Research, Digital Health Information and Promises of Privacy: Revisiting the Issue of Consent
The obligation to maintain the privacy of patients and research participants is foundational to biomedical research. But there is growing concern about the challenges of keeping participant information private and confidential. A number of recent studies have highlighted how emerging computational strategies can be used to identify or reidentify individuals in health data repositories managed by public or private institutions. Some commentators have suggested the entire concept of privacy and anonymity is “dead”, and this raises legal and ethical questions about the consent process and safeguards relating to health privacy. Members of the public and research participants value privacy highly, and inability to ensure it could affect participation. Canadian common law and legislation require a full and comprehensive disclosure of risks during informed consent, including anything a reasonable person in the participant or patient’s position would want to know. Research ethics policies require similar disclosures, as well as full descriptions of privacy related risks and mitigation strategies at the time of consent. In addition, the right to withdraw from research gives rise to a need for ongoing consent, and material information about changes in privacy risk must be disclosed. Given the research ethics concept of “non-identifiability” is increasingly questionable, policies based around it may be rendered untenable. Indeed, the potential inability to ensure anonymity could have significant ramifications for the research enterprise.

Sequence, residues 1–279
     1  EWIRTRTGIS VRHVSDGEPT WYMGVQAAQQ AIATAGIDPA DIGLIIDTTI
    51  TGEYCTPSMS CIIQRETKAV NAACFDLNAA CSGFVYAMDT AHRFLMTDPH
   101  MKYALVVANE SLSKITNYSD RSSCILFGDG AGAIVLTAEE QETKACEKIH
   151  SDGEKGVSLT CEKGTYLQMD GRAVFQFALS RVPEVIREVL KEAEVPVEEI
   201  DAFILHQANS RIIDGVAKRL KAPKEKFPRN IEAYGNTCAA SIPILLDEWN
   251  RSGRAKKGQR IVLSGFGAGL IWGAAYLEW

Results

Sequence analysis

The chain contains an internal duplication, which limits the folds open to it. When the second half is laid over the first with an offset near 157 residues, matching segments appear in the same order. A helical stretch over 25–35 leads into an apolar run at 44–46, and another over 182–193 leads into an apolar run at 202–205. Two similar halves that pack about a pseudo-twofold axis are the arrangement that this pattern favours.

Copyright (c) 2020 Timothy Caulfield, Blake Murdoch, Ubaka Ogbogu
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